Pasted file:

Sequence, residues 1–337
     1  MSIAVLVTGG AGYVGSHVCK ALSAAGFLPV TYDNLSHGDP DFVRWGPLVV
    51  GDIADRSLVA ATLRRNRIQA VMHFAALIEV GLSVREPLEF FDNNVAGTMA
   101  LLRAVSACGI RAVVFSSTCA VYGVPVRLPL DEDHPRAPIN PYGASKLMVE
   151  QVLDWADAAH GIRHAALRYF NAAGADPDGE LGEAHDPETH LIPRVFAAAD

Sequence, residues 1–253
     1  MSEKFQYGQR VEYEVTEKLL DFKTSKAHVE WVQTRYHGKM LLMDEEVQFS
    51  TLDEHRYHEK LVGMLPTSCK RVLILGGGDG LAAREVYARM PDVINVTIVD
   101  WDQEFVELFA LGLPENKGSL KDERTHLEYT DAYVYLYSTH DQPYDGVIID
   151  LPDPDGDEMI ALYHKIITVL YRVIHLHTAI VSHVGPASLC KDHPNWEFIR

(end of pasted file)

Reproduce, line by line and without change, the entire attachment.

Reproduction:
Sequence, residues 1–337
     1  MSIAVLVTGG AGYVGSHVCK ALSAAGFLPV TYDNLSHGDP DFVRWGPLVV
    51  GDIADRSLVA ATLRRNRIQA VMHFAALIEV GLSVREPLEF FDNNVAGTMA
   101  LLRAVSACGI RAVVFSSTCA VYGVPVRLPL DEDHPRAPIN PYGASKLMVE
   151  QVLDWADAAH GIRHAALRYF NAAGADPDGE LGEAHDPETH LIPRVFAAAD

Sequence, residues 1–253
     1  MSEKFQYGQR VEYEVTEKLL DFKTSKAHVE WVQTRYHGKM LLMDEEVQFS
    51  TLDEHRYHEK LVGMLPTSCK RVLILGGGDG LAAREVYARM PDVINVTIVD
   101  WDQEFVELFA LGLPENKGSL KDERTHLEYT DAYVYLYSTH DQPYDGVIID
   151  LPDPDGDEMI ALYHKIITVL YRVIHLHTAI VSHVGPASLC KDHPNWEFIR